Artificial intelligence's data problem meets AI's people problem

Enterprises are learning that AI implementation 'is not the field of dreams. It is not a build-it-and-they-will-come effort.'
Written by Joe McKendrick, Contributing Writer

It takes a well-designed information architecture -- IA -- to ensure good AI. The challenge is getting both people and data on the same page when it comes to AI work. And there's much work to be done on both fronts.

Photo: Joe McKendrick

That's the word from Seth Dobrin, global chief AI officer at IBM. "Data is the food for AI, yet few organizations sit down at the table to design an AI strategy with a full accounting of where all their data resides and how organized it is," he says. "IT professionals are drawing from at least 20 data sources to inform their AI, and some have to draw from hundreds, so this is a big data infrastructure issue."

Data is required for AI, he continues, pointing to the need to an information architecture approach. "There is no AI without IA. Today's data landscape is hybrid and it is multicloud, the answer cannot be and is not centralize all data. The answer is AI is enabled by a data fabric that ensures privacy, compliance, and security at scale." 

Questions that need to be addressed include what data is a solution using, and if it needs to be collecting all that data to function. In addition, there needs to be an examination of how data is being stored, and for how long. "These are questions that require a large number of perspectives within a single organization to answer and enterprise design thinking for data and AI offers an approach to help set clear intent and plans that connect the business strategy to the AI strategy to the execution."    

Collaboration is key to such efforts, as AI is a human-centered endeavor. "We've found that when AI deployments come solely from the business side, or the IT side, or the data management side, crucial insights are inevitably lost," Dobrin says. "When AI solutions are cobbled together and rushed into production, it becomes very difficult for business leaders and consumers alike to trust them."

When it comes to ensuring ethical and unbiased AI, there's still much work to be done, Dobrin cautions. "Companies still have a way to go as far as ensuring their AI and the results are carefully audited, maintained and improved." At the same time, he notes, "businesses are now much more aware of the importance of having trustworthy AI." The barriers to achieving this include "lack of skills, inflexible governance tools, biased data and more. It's clear while there are tools and frameworks in the market to help build trustworthy AI, there is still work to be done helping businesses develop a comprehensive approach to AI governance that brings together tools, solutions, practices, and the right people to govern AI responsibly across its lifecycle."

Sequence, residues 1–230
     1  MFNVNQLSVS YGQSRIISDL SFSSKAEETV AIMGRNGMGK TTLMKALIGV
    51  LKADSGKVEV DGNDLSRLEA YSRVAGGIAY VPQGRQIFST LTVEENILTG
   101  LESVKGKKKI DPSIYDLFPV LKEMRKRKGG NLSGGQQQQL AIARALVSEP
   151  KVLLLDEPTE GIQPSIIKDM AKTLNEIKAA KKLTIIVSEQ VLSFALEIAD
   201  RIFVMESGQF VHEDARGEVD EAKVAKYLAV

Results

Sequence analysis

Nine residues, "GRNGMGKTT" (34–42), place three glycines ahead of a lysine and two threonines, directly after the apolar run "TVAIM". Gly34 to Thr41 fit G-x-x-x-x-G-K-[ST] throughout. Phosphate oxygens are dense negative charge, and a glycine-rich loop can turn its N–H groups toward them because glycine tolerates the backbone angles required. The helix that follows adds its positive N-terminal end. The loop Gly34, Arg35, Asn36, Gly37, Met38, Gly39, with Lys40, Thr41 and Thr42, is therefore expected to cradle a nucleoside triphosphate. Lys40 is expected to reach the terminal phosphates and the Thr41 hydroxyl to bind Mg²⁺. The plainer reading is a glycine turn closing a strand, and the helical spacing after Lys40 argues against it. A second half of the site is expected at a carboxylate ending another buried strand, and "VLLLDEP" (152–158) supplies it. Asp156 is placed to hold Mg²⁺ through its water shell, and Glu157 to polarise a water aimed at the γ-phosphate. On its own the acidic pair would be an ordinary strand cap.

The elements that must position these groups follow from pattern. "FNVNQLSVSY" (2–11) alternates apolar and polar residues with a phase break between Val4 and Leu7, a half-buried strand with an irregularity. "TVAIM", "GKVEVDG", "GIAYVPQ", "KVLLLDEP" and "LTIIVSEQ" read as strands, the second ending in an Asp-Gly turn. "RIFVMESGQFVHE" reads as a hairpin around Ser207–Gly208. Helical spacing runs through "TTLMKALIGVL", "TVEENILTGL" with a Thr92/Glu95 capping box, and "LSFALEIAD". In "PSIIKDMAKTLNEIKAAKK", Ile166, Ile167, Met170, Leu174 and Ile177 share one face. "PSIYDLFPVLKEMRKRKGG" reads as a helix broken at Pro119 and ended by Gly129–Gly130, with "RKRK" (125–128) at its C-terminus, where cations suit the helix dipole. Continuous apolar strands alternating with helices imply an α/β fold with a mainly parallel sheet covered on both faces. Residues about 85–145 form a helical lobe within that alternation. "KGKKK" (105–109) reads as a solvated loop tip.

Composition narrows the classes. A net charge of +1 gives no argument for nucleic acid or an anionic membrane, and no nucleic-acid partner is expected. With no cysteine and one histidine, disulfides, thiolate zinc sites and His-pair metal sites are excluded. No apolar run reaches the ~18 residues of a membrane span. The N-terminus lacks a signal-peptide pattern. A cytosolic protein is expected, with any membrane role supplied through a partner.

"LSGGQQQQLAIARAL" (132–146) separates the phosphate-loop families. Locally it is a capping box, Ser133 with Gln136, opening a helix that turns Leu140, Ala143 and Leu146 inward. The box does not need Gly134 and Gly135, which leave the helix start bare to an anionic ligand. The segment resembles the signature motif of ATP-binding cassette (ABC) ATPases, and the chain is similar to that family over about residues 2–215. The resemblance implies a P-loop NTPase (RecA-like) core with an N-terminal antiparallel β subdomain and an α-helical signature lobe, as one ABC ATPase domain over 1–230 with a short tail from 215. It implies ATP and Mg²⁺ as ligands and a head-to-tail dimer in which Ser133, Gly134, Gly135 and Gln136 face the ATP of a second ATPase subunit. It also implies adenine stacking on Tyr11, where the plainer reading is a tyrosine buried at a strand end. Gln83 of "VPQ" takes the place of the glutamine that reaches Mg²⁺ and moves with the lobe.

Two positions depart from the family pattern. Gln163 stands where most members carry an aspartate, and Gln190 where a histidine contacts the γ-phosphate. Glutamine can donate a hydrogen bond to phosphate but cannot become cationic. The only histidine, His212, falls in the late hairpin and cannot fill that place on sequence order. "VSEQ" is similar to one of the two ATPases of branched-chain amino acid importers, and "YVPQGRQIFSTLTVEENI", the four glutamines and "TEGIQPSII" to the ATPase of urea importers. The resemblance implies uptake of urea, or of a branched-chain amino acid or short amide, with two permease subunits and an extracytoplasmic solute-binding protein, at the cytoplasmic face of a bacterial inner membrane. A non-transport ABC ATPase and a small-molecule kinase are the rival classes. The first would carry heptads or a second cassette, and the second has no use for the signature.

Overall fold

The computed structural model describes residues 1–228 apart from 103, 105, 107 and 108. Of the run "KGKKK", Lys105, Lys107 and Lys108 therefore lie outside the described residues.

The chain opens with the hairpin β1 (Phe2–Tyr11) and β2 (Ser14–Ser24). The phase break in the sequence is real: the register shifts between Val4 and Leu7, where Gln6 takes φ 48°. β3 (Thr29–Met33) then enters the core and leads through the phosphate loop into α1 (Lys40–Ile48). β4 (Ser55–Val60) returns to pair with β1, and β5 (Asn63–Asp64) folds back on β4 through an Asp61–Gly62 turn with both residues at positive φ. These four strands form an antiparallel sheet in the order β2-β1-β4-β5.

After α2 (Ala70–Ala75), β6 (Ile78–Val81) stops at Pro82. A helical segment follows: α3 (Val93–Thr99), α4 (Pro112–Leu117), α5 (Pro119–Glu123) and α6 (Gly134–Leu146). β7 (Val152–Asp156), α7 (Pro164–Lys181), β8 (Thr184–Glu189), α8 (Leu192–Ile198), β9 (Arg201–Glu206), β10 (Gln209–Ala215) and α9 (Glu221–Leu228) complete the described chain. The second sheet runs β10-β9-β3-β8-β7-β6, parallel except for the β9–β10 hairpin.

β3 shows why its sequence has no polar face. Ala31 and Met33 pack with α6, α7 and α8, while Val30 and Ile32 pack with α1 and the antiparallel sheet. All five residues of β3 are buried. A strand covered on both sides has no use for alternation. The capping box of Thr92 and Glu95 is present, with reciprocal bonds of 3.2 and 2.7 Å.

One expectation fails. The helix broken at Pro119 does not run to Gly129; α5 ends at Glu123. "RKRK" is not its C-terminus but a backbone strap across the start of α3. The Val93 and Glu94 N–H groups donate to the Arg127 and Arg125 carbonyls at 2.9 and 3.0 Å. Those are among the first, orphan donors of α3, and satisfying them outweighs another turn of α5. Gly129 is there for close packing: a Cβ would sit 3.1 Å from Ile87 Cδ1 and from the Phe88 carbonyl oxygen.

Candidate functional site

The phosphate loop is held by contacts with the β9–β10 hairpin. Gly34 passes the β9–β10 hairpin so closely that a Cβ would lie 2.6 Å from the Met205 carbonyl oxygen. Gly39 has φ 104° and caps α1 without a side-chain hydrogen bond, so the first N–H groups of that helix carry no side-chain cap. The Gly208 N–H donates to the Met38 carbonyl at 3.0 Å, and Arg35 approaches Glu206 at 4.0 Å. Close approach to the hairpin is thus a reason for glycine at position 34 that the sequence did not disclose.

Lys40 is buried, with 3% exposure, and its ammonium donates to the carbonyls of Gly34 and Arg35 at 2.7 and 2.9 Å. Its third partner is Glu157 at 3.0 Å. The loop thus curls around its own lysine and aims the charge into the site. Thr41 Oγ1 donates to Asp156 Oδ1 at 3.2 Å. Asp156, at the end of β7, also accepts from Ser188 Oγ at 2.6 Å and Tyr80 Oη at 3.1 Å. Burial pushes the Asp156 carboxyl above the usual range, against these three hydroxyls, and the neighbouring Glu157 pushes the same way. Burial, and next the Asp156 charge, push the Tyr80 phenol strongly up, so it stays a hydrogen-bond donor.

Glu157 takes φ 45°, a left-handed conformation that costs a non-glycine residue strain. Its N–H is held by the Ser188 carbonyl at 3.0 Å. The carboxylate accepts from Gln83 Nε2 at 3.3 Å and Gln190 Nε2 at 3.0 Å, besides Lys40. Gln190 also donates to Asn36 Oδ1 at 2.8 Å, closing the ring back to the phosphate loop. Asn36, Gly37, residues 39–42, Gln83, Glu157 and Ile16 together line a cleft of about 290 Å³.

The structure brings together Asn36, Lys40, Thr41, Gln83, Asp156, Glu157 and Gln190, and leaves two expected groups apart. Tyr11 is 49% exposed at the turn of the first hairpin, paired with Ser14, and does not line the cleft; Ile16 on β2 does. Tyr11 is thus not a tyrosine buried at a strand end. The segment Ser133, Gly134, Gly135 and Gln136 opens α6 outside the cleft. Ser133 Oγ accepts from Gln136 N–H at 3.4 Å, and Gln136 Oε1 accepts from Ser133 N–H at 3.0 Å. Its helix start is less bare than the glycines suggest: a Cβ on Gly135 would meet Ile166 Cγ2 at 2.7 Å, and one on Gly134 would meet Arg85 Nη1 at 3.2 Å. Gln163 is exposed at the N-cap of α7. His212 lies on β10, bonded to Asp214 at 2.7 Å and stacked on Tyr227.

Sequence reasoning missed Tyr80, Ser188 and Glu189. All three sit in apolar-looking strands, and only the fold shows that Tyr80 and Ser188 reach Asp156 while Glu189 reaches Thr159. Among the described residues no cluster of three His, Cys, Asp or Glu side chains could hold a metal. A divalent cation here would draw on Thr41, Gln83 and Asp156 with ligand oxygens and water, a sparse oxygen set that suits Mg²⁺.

This is made more complicated that in "highly mature organizations, the AI technology landscape is very heterogenous and the AI teams are distributed across various lines of business," he adds. "The AI landscape will only become more heterogenous. The need to have automated AI governance on top of a heterogenous AI landscape to provide transparency, explainability, fairness, robustness and privacy on top of existing tooling is only heighted, the trick is to tie them all together."

The lesson many enterprises have learned is that AI implementation "is not the field of dreams," he continues. "It is not a build-it-and-they-will-come effort. Successful AI implementation is human centered, tied to business strategy, has clear value-based success metrics and is trusted. When companies hit all four of these AI inevitably gets adopted, and then adds value."

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